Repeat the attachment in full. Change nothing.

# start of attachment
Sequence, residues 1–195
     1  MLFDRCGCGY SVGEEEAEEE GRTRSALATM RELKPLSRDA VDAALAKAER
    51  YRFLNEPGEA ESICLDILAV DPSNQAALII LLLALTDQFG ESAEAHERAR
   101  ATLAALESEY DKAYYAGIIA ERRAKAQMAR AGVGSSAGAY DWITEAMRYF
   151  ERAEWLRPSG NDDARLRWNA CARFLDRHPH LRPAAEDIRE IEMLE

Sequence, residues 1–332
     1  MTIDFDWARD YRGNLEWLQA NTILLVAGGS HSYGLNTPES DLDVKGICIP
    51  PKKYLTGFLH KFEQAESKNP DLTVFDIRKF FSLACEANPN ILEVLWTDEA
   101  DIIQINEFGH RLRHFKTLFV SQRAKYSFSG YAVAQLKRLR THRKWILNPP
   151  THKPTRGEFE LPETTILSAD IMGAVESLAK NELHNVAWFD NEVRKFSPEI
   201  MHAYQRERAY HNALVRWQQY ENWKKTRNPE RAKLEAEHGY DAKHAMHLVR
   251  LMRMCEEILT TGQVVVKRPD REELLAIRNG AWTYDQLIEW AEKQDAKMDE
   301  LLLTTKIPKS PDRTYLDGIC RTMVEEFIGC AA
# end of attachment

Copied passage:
Sequence, residues 1–195
     1  MLFDRCGCGY SVGEEEAEEE GRTRSALATM RELKPLSRDA VDAALAKAER
    51  YRFLNEPGEA ESICLDILAV DPSNQAALII LLLALTDQFG ESAEAHERAR
   101  ATLAALESEY DKAYYAGIIA ERRAKAQMAR AGVGSSAGAY DWITEAMRYF
   151  ERAEWLRPSG NDDARLRWNA CARFLDRHPH LRPAAEDIRE IEMLE

Sequence, residues 1–332
     1  MTIDFDWARD YRGNLEWLQA NTILLVAGGS HSYGLNTPES DLDVKGICIP
    51  PKKYLTGFLH KFEQAESKNP DLTVFDIRKF FSLACEANPN ILEVLWTDEA
   101  DIIQINEFGH RLRHFKTLFV SQRAKYSFSG YAVAQLKRLR THRKWILNPP
   151  THKPTRGEFE LPETTILSAD IMGAVESLAK NELHNVAWFD NEVRKFSPEI
   201  MHAYQRERAY HNALVRWQQY ENWKKTRNPE RAKLEAEHGY DAKHAMHLVR
   251  LMRMCEEILT TGQVVVKRPD REELLAIRNG AWTYDQLIEW AEKQDAKMDE
   301  LLLTTKIPKS PDRTYLDGIC RTMVEEFIGC AA